7 Questions on Revelation in the ZIBBC Commentary Series
Mark Wilson is the director of the Asia Minor Research Center in Antalya, Turkey, and is the host for BAS’s tours of Turkey. Dr. Wilson received his doctorate in Biblical studies from the University of South Africa (Pretoria), where he serves as a research fellow in Biblical archaeology.
He is currently Associate Professor Extraordinary of New Testament at Stellenbosch University. He leads field studies in Turkey and the eastern Mediterranean for university, seminary and church groups.
Dr. Wilson is the author of Biblical Turkey: A Guide to the Jewish and Christian Sites of Asia Minor and Victory through the Lamb: A Guide to Revelation in Plain Language. He is a frequent lecturer at Biblical Archaeological Society’s Bible Fests.
1. What previous research and/or personal interests led you to this project and helped prepare you to write this commentary on Revelation?
Two things prepared me for writing the commentary. In 1992 I made my first trip to the Seven Churches in western Turkey with several friends from my home church in Virginia. It was an amazing experience to walk through Ephesus, Pergamum, and Sardis for the first time. The Seven Churches were little explored in NT studies at that time, so I determined to focus my research on them and Asia Minor’s early Christian communities. I was also beginning my doctoral studies at the University of South Africa. My thesis, which I completed in 1996, focused on the promise/victor sayings at the conclusion of each of the seven prophetic letters. One of my research correspondents was Clinton Arnold, who had written a volume on Ephesians. Zondervan had asked Clint to serve as the NT editor for a proposed Bible Backgrounds commentary. Clint knew about my interest in the Seven Churches as well as my recently completed doctoral thesis, so he invited me to contribute the volume on Revelation.
2. Who is the intended audience for this commentary? Would it benefit pastors? professors? students? lay Christians in the local church?
The target audience for the commentary is pastors, students, and interested lay persons. While some of the language may be technical, it is non-academic. Professors unfamiliar with the background of material culture in first-century Roman Asia would also benefit from it.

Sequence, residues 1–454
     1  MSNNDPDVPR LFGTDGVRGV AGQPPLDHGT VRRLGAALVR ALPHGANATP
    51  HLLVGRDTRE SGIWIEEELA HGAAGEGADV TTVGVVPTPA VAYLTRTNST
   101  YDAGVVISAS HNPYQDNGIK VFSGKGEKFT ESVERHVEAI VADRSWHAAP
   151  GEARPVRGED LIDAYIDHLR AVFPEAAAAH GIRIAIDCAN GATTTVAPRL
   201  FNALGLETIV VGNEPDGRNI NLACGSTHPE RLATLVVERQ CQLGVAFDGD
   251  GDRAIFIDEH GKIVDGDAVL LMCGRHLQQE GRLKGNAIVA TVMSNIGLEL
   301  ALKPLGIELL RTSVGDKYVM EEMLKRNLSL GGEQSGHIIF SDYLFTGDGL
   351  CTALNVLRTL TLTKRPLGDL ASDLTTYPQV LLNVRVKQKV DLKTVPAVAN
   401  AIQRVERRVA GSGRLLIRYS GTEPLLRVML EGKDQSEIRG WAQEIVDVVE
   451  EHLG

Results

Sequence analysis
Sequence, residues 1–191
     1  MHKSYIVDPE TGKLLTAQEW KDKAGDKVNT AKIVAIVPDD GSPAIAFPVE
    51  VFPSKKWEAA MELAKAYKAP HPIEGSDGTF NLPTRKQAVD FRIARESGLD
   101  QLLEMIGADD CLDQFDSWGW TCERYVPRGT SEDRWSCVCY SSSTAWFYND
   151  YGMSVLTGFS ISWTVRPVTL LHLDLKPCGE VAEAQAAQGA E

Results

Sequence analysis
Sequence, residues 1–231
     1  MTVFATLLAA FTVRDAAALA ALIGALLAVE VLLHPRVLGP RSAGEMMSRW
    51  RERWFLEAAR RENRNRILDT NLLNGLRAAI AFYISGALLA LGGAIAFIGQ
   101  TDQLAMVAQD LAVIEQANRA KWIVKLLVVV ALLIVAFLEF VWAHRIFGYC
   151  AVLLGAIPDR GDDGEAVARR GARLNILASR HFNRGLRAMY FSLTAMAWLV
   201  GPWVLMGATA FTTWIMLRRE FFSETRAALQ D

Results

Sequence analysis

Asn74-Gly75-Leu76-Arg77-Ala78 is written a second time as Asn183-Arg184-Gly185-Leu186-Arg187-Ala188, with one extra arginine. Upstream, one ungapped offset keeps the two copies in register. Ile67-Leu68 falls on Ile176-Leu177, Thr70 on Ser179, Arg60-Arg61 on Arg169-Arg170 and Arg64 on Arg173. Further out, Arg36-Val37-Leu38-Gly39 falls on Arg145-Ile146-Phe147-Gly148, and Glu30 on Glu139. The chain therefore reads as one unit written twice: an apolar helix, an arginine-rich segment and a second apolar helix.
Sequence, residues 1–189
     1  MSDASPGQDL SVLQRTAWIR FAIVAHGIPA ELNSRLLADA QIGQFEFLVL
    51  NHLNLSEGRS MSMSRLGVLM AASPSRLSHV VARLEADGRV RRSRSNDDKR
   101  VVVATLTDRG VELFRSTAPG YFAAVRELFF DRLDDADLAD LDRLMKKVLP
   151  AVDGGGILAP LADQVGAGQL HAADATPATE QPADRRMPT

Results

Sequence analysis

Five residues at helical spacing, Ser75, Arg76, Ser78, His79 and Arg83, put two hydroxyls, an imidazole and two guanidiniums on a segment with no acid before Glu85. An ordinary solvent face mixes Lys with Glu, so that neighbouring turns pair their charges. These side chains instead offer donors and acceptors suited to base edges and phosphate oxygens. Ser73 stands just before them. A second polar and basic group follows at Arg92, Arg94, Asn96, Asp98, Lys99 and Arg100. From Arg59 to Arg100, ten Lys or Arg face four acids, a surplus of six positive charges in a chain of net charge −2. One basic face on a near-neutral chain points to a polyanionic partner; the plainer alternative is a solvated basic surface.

3. What is unique about this commentary? What contribution does it make to studies of Revelation?
The commentary series is unique in that it was among the first to approach material culture as a serious background for interpreting the NT. Since then numerous other commentaries, handbooks, and encyclopedias with that approach have appeared. Two decades after publication the commentary is still relevant, being dated only in archaeological research which, of course, has unearthed more discoveries, especially at Laodicea.
4. What section or passage of this commentary was particularly memorable to research and write? Why?
Wow, that is a difficult question to answer. To consider the overall structure and message of the book written in twenty-two chapters to Seven Churches in Asia took much consideration and meditation to sort out. Chapter 12 for me is pivotal because it is situated at the book’s chiastic center. Its apocalyptic vision of the male child’s incarnation and triumph is foundational to Revelation’s message. The fall of Satan and his angels is spiritually inaugurated here for the Lamb’s followers and then proleptically announced, with its full realization coming in chapters 19–20 with the return of the Rider on the white horse.